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Columbia Pictures
Columbia Pictures 100 Years Black
Type Subsidiary of Sony
Founded January 10, 1924
Headquarters Culver City, California, United States
Founder(s) Jack Cohn, Harry Cohn, Joe Brandt
Key people Sanford Panitch (President)
Industry Film
Products Motion pictures
Parent Sony Pictures Entertainment
(Sony)
Website sonypictures.com


Columbia Pictures Industries, Inc. (also known as Columbia Pictures, Columbia, or CPII) is an American film studio that is currently a subsidiary of Sony Pictures Entertainment, and has had a long history of involvement with Disney. It was the second independent distributor of Walt Disney Productions' films following Pat Powers' Celebrity Productions and preceding United Artists. In addition, Columbia had licensed Q*Bert to Disney for its use in Wreck-It Ralph[1] and they were also the co-production company for Marvel Studios' Spider-Man: Homecoming, Spider-Man: Far From Home and Spider-Man: No Way Home.

History[]

Pre-Disney events[]

Columbia was founded on January 10, 1924 by Jack Cohn, Harry Cohn, and Joe Brandt as a successor to Cohn-Brandt-Cohn (CBC) Film Sales Corporation, which was established on June 19, 1918. and took its current name in 1968. It released its first feature film on January 15, 1924 with "Discontented Husbands".

Disney-related events[]

Columbia served as the distributor for Walt Disney Productions' Mickey Mouse and Silly Symphonies short subjects released from 1929 to 1932. A falling-out with Disney and Columbia led Disney to strike a deal with United Artists. United Artists would continue to distribute Disney short subjects from 1932 to 1937.[2]

Post-Disney events[]

Columbia acquired Winkler Pictures during production of their Krazy Kat cartoons.

Columbia Pictures Corporation was renamed to Columbia Pictures Industries, Inc. in 1966.

Columbia was sold to Sony on September 28, 1989 for $3.4 billion.[3] It optioned script versions of a Spider-Man film from Metro-Goldwyn-Mayer in April 1999.[4]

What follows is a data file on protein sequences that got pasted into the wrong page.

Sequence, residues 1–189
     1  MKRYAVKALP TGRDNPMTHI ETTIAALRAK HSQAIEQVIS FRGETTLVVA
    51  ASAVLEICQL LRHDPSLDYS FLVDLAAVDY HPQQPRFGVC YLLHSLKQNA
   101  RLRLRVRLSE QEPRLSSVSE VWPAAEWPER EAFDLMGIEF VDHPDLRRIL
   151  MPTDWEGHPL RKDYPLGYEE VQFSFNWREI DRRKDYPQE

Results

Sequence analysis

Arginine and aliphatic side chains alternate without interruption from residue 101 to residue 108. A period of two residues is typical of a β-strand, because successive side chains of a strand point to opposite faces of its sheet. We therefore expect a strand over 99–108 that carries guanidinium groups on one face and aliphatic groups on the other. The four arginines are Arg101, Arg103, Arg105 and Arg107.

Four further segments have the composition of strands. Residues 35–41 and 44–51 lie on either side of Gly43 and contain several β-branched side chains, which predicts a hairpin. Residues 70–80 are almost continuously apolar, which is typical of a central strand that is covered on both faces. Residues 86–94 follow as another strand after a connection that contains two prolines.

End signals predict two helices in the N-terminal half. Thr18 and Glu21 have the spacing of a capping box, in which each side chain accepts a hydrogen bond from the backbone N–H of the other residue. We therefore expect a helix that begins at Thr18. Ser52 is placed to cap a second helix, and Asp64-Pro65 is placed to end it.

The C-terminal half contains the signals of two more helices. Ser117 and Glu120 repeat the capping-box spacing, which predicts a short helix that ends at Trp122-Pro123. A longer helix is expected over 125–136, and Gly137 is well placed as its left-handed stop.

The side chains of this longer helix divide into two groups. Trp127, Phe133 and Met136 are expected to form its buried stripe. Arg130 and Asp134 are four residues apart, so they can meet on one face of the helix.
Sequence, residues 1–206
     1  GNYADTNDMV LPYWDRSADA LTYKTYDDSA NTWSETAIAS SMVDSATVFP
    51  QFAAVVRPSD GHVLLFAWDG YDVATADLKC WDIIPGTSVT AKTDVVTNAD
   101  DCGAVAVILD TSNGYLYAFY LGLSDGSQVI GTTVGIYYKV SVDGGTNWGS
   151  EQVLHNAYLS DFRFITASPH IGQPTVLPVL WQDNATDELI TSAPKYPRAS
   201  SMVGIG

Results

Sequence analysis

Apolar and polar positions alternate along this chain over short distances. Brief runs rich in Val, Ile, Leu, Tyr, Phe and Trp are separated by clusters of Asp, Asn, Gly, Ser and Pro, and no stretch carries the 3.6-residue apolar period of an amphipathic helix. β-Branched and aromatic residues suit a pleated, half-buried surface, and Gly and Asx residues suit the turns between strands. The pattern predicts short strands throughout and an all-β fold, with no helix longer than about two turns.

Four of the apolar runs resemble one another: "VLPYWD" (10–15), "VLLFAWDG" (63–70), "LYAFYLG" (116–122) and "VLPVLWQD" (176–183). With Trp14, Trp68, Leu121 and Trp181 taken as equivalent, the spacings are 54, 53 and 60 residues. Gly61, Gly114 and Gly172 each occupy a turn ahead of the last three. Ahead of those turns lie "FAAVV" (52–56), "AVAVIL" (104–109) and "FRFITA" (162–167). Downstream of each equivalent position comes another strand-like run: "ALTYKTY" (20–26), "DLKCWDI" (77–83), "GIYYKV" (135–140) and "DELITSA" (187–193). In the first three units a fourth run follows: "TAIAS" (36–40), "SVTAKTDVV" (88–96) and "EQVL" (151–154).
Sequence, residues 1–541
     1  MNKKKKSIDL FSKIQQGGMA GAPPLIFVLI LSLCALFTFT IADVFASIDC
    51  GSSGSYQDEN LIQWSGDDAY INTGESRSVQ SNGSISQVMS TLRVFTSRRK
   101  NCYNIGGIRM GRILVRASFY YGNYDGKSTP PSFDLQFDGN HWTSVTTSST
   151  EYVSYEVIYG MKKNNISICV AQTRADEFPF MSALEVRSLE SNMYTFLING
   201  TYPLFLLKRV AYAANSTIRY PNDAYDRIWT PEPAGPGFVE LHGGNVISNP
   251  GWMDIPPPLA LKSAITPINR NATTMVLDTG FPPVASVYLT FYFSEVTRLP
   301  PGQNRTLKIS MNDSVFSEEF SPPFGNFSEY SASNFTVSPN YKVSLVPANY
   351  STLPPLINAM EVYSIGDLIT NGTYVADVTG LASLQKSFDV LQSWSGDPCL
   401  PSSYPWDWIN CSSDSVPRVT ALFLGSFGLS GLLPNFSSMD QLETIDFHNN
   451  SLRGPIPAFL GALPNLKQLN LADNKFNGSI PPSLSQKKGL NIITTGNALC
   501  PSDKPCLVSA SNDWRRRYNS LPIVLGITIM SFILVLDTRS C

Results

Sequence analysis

Filmography[]

Silly Symphonies[]

# Title Release Date
1 The Skeleton Dance August 29, 1929[5]
2 El Terrible Toreador September 26, 1929[5]
3 Springtime October 24, 1929[5]
4 Hell's Bells November 21, 1929[5]
5 The Merry Dwarfs December 19, 1929[5]
6 Summer January 16, 1930[6]
7 Autumn February 13, 1930[6]
8 Cannibal Capers March 13, 1930[6]
9 Frolicking Fish May 8, 1930[6]
10 Arctic Antics June 5, 1930[6]
11 Midnight in a Toy Shop July 3, 1930[6]
12 Night July 31, 1930[6]
13 Monkey Melodies August 10, 1930[6]
14 Winter October 30, 1930[7]
15 Playful Pan December 28, 1930[8]
16 Birds of a Feather February 4, 1931[9]
17 Mother Goose Melodies April 17, 1931[10]
18 The China Plate May 25, 1931[11]
19 The Busy Beavers June 27, 1931[12]
20 The Cat's Out July 28, 1931[11]
21 Egyptian Melodies August 27, 1931[11]
22 The Clock Store September 30, 1931[13]
23 The Spider and the Fly October 16, 1931[13]
24 The Fox Hunt November 18, 1931[13]
25 The Ugly Duckling December 16, 1931[13]
26 The Bird Store January 16, 1932[14]

Mickey Mouse[]

1930 (Re-releases)
  1. Steamboat Willie (January 31)[6]
  2. The Gallopin' Gaucho (February 14)[6]
  3. Plane Crazy (February 28)[6]
  4. The Barn Dance (March 14)[6]
  5. The Opry House (March 28)[6]
  6. When the Cat's Away (April 11)[6]
  7. The Barnyard Battle (April 25)[6]
  8. The Plowboy (May 9)[6]
  9. The Karnival Kid (May 23)[6]
  10. Mickey's Choo-Choo (June 20)[6]
  11. Mickey's Follies (June 26)[6]
  12. The Jazz Fool (July 5)[6]
  13. Jungle Rhythm (July 19)[6]
  14. The Haunted House (August 1)[6]
  15. Wild Waves (August 15)[6]
1930 (New releases)
  1. The Barnyard Concert[6]
  2. Fiddling Around[6]
  3. The Cactus Kid[6]
  4. The Fire Fighters[6]
  5. The Shindig[6]
  6. The Chain Gang[6]
  7. The Picnic[8]
  8. The Gorilla Mystery[8]
  9. Pioneer Days[8]
1931
  1. The Birthday Party
  2. Traffic Troubles
  3. The Castaway
  4. The Moose Hunt
  5. The Delivery Boy
  6. Mickey Steps Out
  7. Blue Rhythm
  8. Fishin' Around
  9. The Barnyard Broadcast
  10. The Beach Party
  11. Mickey Cuts Up
  12. Mickey's Orphans
1932
  1. The Duck Hunt
  2. The Grocery Boy
  3. The Mad Dog
  4. Barnyard Olympics
  5. Mickey's Revue
  6. Musical Farmer
  7. Mickey in Arabia

Marvel Studios/Marvel Cinematic Universe[]

2017
  • Spider-Man: Homecoming
2019
  • Spider-Man: Far From Home
2021
  • Spider-Man: No Way Home

Touchstone Pictures[]

  • Bicentennial Man (1999) - distributed internationally by Columbia

References[]

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